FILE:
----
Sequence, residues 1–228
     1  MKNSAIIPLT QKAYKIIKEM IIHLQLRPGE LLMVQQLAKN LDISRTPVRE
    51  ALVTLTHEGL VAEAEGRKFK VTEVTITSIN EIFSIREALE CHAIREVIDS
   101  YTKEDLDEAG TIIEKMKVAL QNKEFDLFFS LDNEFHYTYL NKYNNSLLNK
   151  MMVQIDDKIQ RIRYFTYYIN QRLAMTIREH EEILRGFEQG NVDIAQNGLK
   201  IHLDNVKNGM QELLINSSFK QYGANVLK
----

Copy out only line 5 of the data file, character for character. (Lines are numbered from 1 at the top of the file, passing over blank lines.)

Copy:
   151  MMVQIDDKIQ RIRYFTYYIN QRLAMTIREH EEILRGFEQG NVDIAQNGLK